Fig. 2. Human-controlledsourcesof atmosphericmethane fromthe UnitedStates for2009,based on emission estimates fromthe U.S.Environmental Protection Agencyin2011. ReprintedfromHowarthetal.(2012).
dioxide emissions are reduced. Reducing methane andblackcarbon emissions,evenif carbondioxideisnotcontrolled, would significantlyslowthe rate ofglobalwarming and postpone reachingthe1.5
C and2.0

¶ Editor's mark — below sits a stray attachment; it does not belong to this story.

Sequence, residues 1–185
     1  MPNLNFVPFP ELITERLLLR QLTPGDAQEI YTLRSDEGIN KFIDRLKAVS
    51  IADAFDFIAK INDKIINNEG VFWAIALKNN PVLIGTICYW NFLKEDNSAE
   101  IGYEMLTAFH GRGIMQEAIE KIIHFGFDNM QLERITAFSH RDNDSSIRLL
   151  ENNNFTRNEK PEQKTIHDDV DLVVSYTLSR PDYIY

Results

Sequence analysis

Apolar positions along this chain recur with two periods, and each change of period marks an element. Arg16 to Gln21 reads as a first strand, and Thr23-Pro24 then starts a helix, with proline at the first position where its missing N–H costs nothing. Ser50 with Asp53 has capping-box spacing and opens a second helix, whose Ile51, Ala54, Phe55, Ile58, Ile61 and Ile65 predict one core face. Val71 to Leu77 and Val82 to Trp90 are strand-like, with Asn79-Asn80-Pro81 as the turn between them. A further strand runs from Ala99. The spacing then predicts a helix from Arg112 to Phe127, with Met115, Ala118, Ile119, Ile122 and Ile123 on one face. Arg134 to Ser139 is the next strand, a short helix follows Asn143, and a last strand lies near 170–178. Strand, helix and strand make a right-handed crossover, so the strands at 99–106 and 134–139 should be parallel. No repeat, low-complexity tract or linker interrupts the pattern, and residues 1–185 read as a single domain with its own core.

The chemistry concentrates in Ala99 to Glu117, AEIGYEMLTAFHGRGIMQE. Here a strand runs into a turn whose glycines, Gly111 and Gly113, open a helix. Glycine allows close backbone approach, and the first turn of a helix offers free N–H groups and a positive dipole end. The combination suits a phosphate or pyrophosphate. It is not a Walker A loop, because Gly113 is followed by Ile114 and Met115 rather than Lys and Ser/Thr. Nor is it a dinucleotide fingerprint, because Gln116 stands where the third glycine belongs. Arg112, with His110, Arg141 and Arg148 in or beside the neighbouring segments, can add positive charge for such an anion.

C marks by12to15years.Controllingcarbondioxide aswell as methane and black carbon emissionsfurtherslowsthe rate of global warming after2045, through at least 2070.Natural gassystems are thesinglelargestsource of anthropogenicmethaneemissionsintheUnited States(Fig. 2), representing almost 40%of the total fluxaccordingtothemost recent estimates fromtheU.S. Environmental ProtectionAgency(EPA) ascompiled byHowarth et al. (2012). Notethat throughthesummerof 2010, theEPAused emissionfactorsfrom a 1996studytoestimate thecontribution of natural gassystemstotheU.S. greenhouse gas(GHG)inventory.Increasing evidence overthe past 16years has indicatedthese emissionfactorswere probablytoolow, andinNovember 2010 EPAbegantoreleaseupdatedfactors. The estimates for natural gassystemsin Fig. 2arebased ontheseupdatedemission factors andinformationreleasedthrough2011intwoadditionalEPAreports,as presentedin Howarth et al. (2012). Notethatthe use ofthese newmethane emissionfactorsresultedin a doublinginthe estimate of methaneemissions fromthenatural gasindustry.Note alsothat, todate,EPAhas onlyincreasedemission factorsfor“upstream” and“midstream”portions of the natural gas industry(leaks andemissions at thewellsite andinprocessinggas). Factorsfor“downstream”emissions (storagesystems andtransmissionand distributionpipelines) are still fromthe 1996 report, althoughEPAisconsidering alsomodifyingthese(Howarthet al. 2012).Thenatural-gas-system emissions in Fig. 2 are based on an average emission of 2.6% of the methane producedfrom natural gaswells over their productionlifetime,with1.7%from upstreamand midstream emissions(forthe nationalmixof conventional andunconventional gasin 2009) and 0.9%from downstreamemissions (Howarth et al.2012). As discussed below, these methane emissionestimates from natural gassystems are based onlimiteddata andremainuncertain.